Internally, the MR9 shares the same striker-fired system that utilizes a traditional short-recoil, locked-breech design with a modified Browning locking system. I am particularly fond of the P99/MR9 trigger system and its modes of operation. This is one of the gun’s truly distinguishing features. The gun can be carried with a chambered round and the action manually decocted.
When the striker is cocked, the MR9 incorporates two self-engaging, interlocking safety systems. First is an internal striker/firing-pin drop plunger block, and second is an internal trigger safety to prevent discharge unless the trigger is completely pulled to the rear.
When drawing the gun, the operator has two options. First is a long DA trigger pull that averaged 8.4 pounds. After the first round is discharged, the pistol becomes an SA and the trigger pull is reduced to just a 5-pound average. However, if the pistol has a chambered round and the trigger is fully forward (as in loading a fresh magazine), the trigger can be staged with a short take-up to SA position with an almost effortless 0.75-inch pull. This can be clearly felt. You can, of course, pull right through and fire, but staging the trigger for an aimed first shot and a consistent 5-pound pull makes it a more precise first shot.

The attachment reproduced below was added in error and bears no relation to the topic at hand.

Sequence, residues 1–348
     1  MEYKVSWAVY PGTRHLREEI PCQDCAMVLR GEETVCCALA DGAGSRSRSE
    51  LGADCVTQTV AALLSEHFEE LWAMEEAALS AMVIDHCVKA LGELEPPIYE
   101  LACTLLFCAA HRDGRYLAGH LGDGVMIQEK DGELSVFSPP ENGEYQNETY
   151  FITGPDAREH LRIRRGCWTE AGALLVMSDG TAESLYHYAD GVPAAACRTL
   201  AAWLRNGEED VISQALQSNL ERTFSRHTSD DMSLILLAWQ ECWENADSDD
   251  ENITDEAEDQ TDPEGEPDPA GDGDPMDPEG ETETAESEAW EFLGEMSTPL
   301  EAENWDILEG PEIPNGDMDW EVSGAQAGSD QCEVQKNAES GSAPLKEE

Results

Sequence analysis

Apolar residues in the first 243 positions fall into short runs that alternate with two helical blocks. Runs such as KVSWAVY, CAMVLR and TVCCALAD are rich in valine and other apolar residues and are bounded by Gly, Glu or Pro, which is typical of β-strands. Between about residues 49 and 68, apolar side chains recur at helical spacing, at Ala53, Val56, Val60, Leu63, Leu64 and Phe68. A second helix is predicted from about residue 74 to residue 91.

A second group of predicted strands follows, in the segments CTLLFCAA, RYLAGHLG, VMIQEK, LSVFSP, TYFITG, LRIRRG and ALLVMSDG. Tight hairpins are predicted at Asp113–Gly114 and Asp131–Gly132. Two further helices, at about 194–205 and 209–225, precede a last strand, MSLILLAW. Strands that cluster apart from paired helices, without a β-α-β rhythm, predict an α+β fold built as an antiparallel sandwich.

Once the trigger is staged the remaining travel is 0.5 inches, and it remains so for each successive shot. If you do not take the shot, the gun can be manually decocked and returned to safe condition one, requiring a full DA trigger pull to reset the striker and discharge the pistol. And if time permits, you can also pull the slide back a mere 0.25 inches and reset the striker.
When the striker is fully cocked, it protrudes through the back of the slide and has a red dot at its center. If the red dot’s not there, the action isn’t cycled. You can also feel the back of the striker in the dark or to check if the action is cycled before drawing. When a round is chambered the back of the extractor tilts inward and a red indicator is exposed. This is about as accommodating a firing system as anyone could ask for, and it’s all part of the P99 design.